Sydney Writers’ Festival
Time Out says
The Sydney Writers’ Festival is back in 2021 with a bold, new lineup of authors, speakers and thinkers
Each year, Sydney's inner-city streets fill to the brim with a crowd of writers, journalists, public intellectuals and audiences gathering for its long-standing celebration of literature, reading and ideas: the Sydney Writers' Festival.
In a piquant turn of events, the festival's 2020 iteration – themed around world catastrophe as foretold by the 'Doomsday Clock' – was called off when the government mandated a nationwide shutdown in its fourth hour of selling tickets. In 2021, the festival's theme has been reimagined to celebrate closeness, connection and accessibility. Within Reach is all about celebrating homegrown talent – but all rules are made to be bent, especially if it means audiences can be in the same room as (the digital apparitions of) Kazuo Ishiguro and Judy Blume.
This year, artistic director Michaela McGuire has handed the reins of the festival over to Michael Williams, veteran arts administer. He's putting on a showing of 400 international and homegrown writers to the main SWF hub of Carriageworks, as well as many other venues across Sydney like Riverside Theatres in Parrmatta and the CBD's City Recital Hall.
The opening night address will see three First Nations women writers take the stage: Miles Franklin award-winners Melissa Lucaskehno and Tara June Winch and debut poet Evelyn Araluen. The all-star Within Reach gala will feature writers like Tony Birch (The White Girl), Richard Flanagan (The Living Sea of Waking Dreams), Adam Goodes (Kicking Goals),and Sisonke Msimang (Always Another Country) appearing at City Recital Hall to talk about distance and intimacy, while the SWF: Great Debate ponders the ineffable question: 'How good is Australia?' We'll see Benjamin Law, Don Watson and Elaine Crombie in the affirmative and Nakkiah Lui, David Marr and Annabel Crabb in the negative. We're expecting a tight race.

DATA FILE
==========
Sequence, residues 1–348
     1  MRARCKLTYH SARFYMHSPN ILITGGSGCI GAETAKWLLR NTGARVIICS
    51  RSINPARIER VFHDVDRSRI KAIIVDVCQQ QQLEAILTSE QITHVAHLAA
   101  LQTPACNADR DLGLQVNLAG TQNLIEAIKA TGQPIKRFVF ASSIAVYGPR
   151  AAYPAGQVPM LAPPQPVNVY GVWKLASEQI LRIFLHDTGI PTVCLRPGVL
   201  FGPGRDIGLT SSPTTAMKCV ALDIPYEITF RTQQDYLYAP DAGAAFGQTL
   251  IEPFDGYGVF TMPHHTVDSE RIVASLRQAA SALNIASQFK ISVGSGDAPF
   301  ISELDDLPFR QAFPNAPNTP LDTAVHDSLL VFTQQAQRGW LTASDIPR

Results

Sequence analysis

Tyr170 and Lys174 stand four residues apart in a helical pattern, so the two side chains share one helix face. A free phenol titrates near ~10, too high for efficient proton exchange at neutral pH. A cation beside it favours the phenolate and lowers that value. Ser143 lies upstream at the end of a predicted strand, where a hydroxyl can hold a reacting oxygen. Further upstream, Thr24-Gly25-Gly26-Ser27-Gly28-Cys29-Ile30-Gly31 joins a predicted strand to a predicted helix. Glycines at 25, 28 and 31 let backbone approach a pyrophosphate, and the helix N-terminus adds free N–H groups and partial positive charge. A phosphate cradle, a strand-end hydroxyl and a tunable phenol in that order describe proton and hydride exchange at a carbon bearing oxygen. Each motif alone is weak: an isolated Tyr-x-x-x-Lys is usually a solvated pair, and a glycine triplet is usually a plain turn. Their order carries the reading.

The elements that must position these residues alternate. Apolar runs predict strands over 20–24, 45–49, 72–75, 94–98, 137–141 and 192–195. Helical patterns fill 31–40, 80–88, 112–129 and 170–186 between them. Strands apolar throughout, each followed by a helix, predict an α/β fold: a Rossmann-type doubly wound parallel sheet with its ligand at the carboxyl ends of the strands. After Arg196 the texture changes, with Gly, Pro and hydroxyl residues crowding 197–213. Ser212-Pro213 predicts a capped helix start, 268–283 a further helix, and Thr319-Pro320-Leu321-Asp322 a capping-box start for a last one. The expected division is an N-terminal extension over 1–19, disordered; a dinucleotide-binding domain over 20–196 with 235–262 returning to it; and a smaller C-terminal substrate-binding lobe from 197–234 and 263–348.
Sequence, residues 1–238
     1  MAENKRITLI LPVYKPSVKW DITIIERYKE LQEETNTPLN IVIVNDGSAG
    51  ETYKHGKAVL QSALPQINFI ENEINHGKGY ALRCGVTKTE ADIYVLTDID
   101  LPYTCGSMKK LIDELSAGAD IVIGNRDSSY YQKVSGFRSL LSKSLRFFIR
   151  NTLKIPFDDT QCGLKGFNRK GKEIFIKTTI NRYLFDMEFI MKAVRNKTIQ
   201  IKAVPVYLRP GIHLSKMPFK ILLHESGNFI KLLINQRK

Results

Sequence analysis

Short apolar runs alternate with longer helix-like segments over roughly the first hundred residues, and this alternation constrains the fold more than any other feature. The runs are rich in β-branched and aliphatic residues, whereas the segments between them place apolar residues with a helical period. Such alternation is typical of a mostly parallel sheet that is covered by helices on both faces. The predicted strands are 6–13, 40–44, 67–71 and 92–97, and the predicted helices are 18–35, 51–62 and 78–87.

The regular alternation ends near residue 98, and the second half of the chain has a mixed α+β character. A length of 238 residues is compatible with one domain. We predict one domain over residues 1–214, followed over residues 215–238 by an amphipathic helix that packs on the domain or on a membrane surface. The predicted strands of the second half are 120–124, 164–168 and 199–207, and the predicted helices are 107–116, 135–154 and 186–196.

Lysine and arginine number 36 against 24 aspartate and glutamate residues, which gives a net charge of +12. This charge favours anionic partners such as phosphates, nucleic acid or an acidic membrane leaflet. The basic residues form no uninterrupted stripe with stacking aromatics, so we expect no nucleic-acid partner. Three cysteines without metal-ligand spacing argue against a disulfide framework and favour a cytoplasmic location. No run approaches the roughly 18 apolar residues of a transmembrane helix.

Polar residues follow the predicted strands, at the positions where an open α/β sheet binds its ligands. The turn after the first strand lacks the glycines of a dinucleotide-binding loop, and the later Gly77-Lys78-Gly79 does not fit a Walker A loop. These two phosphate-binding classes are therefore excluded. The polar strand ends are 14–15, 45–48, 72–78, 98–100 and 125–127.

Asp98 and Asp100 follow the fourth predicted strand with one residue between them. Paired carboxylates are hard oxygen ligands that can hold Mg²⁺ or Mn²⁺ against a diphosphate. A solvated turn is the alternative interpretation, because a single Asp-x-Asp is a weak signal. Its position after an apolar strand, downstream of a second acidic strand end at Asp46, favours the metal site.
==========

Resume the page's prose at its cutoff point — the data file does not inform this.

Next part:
As well as the aforementioned Ishiguro and Blume, the festival will see some familiar faces appear via videolink: among them are Rachel Cusk, author the stunning Outline trilogy, and now, Second Place; Isabel Wilkerson whose book Caste: The Lies That Divide Us has created ripples; and activist and author of No Friend But the Mountains, Behrooz Boochani. Expect earnest, forward-thinking discussions which go to the heart of what it means to have hope in our world.
Unexpected pairings are also the order of the day: the nation's health touchstone Norman Swan will be joined by son and recent internet phenomenon Jonathan Swan (thanks to that Trump interview) while senator Mehreen Faruqi will too be joined by her son, commentator and journalist Osman Faruqi. Plus, Sweatshop Writers' Collective will launch its fresh, new anthology, Racism, packed full of emerging and established voices.
Of course, Australia's literary scene is bursting with fresh talent from all angles – there are too many to name, but the best part of the festival is stumbling onto dynamic ideas from emerging voices. A panel showcasing new voices on food highlights perspectives from Lee Tran Lam, Tyree Barnette, Lina Jebeile, and Arabella Douglas and takes place at Casula Powerhouse – one of the many venues outside of Carriageworks that will also host events as part of the festival. Others include the Seymour Centre, Town Hall, City Recital Hall, Parramatta Riverside Theatre and the Chatswood Concourse, as well as libraries and community halls across the Sydney region.
And what about the kids? SWF always puts on a good show for the whole family, and this year, Kirli Saunders and Dub Leffler, creators of verse novel Bindi, will teach children how to care for Country, while Carriageworks will host 'All-Day YA' for the first time: Gary Lonesborough (The Boy from the Mish) and Garth Nix are highlights.